Just like its standard caliper-braked sibling, Scott’s Solace Disc was conceived from the outset as a bike for sportive/fondo and endurance riders. That means it’s 25mm taller at the front, with a top tube 5mm shorter, than its race-bred CR1 and Foil stablemates.
But that doesn’t make this Solace some sort of laid-back cruiser. Our XL (58cm) test bike has a 575mm top-tube, which is easily long enough for you to get down into a speedier, more aero position.
The reach – the horizontal distance between the bottom bracket and head-tube – is a mere 11mm shorter than the Foil’s, which is very little in the grand scheme of things. The 73.3-degree head angle is also steep enough to keep the steering sharp, with the sub-1m wheelbase further helping the Solace’s flighty nature.
Slender tapering seatstays offer some comfort-giving flex
Scott certainly hasn’t skimped on integrating the discs into this Solace. With a big reputation for making lightweight carbon mountain bikes alongside its road offerings, the firm has been able to appropriate knowledge and technology from the muddy side of things.
This is evident in the use of thru-axles: 15mm at the front, 142x12mm at the rear. These are common on mountain bikes for their ability to withstand the greater forces created by disc brakes.
Rather than slotted dropouts for quick release axles, the frame and fork have holes to take larger diameter axles. As a result, Scott says that it hasn’t had to compromise the carbon lay-up in the fork or frame to achieve the necessary strength, while still retaining the designed-in compliant comfort of the standard Solace.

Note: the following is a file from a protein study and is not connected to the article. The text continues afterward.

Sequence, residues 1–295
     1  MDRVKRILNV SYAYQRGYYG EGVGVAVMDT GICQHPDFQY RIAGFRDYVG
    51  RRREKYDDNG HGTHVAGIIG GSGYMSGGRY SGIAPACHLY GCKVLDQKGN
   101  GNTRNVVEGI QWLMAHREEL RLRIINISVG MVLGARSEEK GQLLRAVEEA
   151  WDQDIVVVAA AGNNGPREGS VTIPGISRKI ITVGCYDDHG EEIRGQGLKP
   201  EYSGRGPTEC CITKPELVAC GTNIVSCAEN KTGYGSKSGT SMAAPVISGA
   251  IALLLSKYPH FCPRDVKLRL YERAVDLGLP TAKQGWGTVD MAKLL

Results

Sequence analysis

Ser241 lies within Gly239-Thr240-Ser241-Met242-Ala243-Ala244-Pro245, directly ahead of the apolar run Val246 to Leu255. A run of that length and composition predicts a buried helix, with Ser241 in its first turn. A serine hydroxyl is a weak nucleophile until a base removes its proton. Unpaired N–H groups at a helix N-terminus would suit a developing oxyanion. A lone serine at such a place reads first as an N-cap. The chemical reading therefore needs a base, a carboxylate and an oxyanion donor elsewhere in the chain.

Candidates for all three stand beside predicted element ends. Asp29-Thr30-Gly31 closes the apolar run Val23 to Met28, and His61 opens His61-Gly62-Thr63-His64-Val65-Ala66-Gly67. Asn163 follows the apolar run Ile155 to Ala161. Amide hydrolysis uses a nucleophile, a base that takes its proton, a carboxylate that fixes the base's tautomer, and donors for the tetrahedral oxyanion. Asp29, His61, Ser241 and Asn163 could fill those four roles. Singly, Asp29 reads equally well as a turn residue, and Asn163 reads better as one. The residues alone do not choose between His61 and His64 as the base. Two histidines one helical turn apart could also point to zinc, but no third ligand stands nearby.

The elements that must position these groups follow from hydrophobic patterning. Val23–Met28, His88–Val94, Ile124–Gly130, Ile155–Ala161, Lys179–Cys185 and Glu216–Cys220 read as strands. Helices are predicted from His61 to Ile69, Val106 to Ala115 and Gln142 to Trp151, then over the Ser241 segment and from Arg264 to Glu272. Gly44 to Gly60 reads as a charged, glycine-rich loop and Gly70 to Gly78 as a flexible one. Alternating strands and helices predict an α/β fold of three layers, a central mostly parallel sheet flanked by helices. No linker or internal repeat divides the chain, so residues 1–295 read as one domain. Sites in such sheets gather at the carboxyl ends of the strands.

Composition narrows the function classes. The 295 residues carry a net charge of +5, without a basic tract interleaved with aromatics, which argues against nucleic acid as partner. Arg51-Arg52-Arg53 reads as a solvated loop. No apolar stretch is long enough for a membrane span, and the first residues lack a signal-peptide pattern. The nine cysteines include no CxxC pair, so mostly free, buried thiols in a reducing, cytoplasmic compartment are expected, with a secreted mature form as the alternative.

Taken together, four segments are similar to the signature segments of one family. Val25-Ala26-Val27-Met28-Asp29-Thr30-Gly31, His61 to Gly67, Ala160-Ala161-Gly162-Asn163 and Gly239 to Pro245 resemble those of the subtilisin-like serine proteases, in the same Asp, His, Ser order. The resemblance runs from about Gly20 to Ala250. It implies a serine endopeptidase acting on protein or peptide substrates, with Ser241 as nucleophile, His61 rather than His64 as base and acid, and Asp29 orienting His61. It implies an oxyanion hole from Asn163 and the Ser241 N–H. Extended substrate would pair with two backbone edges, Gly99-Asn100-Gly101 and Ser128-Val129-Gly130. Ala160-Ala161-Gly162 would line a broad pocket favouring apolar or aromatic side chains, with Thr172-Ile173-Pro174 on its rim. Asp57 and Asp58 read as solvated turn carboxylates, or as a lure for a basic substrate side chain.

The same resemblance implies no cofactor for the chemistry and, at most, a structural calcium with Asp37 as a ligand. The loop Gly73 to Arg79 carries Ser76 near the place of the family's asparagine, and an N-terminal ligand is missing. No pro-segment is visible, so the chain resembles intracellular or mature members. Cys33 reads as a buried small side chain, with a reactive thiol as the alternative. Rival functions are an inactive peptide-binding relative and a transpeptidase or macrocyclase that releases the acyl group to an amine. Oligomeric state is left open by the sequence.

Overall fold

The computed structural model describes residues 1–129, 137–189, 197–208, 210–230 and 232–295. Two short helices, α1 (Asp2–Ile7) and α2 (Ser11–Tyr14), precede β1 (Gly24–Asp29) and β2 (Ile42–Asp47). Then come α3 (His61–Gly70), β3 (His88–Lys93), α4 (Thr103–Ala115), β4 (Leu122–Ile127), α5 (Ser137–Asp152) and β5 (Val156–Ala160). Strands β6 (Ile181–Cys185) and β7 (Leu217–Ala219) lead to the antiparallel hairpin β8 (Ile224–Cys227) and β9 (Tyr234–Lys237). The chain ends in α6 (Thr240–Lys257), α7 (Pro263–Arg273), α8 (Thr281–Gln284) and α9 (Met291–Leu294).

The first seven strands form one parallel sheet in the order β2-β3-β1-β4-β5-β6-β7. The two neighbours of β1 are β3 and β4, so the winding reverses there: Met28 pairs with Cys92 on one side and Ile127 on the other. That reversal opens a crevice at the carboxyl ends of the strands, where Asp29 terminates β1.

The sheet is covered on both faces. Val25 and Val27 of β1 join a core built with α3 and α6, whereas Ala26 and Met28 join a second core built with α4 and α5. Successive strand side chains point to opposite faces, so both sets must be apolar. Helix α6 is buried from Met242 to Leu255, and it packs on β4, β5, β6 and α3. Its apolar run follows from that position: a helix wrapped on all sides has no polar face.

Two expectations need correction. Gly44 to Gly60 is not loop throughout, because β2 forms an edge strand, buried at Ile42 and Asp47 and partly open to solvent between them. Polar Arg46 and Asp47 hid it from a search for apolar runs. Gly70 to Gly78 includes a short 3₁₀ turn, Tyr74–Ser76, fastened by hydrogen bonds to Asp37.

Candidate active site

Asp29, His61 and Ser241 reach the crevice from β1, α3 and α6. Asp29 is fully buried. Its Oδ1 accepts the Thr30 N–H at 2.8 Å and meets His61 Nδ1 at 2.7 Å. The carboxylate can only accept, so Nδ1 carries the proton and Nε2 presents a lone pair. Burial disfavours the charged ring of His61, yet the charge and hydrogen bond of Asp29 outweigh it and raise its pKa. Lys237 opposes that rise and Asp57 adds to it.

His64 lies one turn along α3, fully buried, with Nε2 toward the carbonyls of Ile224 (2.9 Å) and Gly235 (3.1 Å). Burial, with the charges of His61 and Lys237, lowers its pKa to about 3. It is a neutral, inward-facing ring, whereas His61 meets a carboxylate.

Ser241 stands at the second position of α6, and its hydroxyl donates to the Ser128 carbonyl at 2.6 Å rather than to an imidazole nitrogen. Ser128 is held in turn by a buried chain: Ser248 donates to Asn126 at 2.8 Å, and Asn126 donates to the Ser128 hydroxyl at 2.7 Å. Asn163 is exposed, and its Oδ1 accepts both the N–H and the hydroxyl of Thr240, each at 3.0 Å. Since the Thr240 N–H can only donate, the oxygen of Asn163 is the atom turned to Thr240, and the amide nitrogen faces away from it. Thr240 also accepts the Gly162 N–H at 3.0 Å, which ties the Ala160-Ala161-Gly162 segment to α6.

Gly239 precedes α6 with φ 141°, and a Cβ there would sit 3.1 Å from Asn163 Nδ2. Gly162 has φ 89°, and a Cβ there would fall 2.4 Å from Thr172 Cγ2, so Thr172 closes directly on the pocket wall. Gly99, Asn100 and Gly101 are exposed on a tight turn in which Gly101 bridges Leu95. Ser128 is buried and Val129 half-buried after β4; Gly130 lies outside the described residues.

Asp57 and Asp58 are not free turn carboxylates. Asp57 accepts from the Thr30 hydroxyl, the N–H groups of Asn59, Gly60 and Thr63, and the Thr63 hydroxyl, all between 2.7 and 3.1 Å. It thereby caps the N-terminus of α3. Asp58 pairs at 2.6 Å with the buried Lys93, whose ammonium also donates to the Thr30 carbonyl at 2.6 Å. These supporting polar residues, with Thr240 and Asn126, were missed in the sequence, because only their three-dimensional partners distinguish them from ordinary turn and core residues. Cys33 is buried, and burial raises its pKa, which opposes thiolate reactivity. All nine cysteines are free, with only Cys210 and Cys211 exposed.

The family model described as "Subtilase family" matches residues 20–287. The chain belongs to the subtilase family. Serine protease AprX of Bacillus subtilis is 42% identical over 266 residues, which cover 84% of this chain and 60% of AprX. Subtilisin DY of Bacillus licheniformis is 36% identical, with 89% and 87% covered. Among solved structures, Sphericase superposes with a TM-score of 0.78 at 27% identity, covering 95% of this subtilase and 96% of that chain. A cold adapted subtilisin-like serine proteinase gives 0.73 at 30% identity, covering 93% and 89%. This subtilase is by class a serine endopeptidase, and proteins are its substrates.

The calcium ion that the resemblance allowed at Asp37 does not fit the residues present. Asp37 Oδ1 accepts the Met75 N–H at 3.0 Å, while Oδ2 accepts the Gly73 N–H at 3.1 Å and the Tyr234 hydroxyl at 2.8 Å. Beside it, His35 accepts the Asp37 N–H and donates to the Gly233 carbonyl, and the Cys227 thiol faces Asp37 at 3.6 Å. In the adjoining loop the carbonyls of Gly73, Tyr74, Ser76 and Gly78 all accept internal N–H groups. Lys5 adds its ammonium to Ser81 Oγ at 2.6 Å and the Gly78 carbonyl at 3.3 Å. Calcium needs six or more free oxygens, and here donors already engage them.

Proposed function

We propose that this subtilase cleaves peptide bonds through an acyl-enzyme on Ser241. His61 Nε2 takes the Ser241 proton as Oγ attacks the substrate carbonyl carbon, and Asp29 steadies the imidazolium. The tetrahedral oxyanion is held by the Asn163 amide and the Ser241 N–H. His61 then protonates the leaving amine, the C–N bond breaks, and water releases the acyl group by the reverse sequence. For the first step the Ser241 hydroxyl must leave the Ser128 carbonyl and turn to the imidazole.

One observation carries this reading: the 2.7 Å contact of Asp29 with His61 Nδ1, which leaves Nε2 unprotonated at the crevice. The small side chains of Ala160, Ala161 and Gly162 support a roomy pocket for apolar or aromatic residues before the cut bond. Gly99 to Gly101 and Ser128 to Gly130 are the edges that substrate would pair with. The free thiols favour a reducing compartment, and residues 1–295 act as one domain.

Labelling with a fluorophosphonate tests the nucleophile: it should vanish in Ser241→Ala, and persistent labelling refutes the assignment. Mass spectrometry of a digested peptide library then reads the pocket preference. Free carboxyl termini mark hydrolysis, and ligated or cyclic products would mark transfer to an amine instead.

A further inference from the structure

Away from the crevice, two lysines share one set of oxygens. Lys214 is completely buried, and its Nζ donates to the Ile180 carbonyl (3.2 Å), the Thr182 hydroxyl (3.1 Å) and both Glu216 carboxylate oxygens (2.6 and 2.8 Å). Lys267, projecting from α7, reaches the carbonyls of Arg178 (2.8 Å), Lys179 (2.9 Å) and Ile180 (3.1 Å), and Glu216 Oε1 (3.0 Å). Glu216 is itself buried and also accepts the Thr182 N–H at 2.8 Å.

It costs more than the Solace 20 and is 940g heavier; that isn’t down to the frame, but has more to do with the disc brakes, heavier chainset, wider rubber and heftier wheels. On the road, we didn’t notice any of that extra mass, and we reckon this has a lighter-feeling ride than the Solace 20. It’s also a sight more comfortable, especially at the front, thanks to the wheels’ wider rims and the 28mm Schwalbes wrapping them, which simply eliminated any vibration from poor roads.
Thru-axled, disc-braked – the shape of endurance bikes to come?
Climbing on the Solace is a revelation – its combination of a rock-solid, flex-free frame, great position and wide gearing means it can cope with both high-torque out-of-the-saddle cranking and seated spinning. Descending is a grin-inducing experience, with the spot-on handling traits and excellent braking from Shimano’s R785s meaning on-the-limit speeds, while the big tyres simply grip and grip, encouraging reckless velocities.
The Disc 15 is definitely the best incarnation of Scott’s Solace we’ve tried to date, but there are still a few opportunities for improvement. The FL2.0 saddle is a good shape and has ample padding, but its shiny, slippy covering doesn’t grip Lycra shorts with any real purchase in the dry, and in the wet it becomes comically slimy.
We’d also like to see a better chainset for the money. Shimano’s non-series RS500 is competent – sitting just below 105 in the pecking order – but we’d prefer something more swish on a mainly Ultegra-equipped bike with this kind of price tag.
That said, we’d still recommend the Solace highly. It’s comfortable, quick to react, equally quick to stop and has plenty of smile-prompting speedy potential to make every epic endurance ride fun.